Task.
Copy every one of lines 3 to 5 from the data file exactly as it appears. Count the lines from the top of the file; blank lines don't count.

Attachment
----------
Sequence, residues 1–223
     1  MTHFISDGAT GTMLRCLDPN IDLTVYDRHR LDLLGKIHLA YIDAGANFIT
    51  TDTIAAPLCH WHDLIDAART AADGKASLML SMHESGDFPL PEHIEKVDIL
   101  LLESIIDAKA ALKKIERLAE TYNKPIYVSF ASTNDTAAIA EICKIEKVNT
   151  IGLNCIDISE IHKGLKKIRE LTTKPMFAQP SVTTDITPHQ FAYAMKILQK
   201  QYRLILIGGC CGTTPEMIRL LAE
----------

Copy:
    51  TDTIAAPLCH WHDLIDAART AADGKASLML SMHESGDFPL PEHIEKVDIL
   101  LLESIIDAKA ALKKIERLAE TYNKPIYVSF ASTNDTAAIA EICKIEKVNT
   151  IGLNCIDISE IHKGLKKIRE LTTKPMFAQP SVTTDITPHQ FAYAMKILQK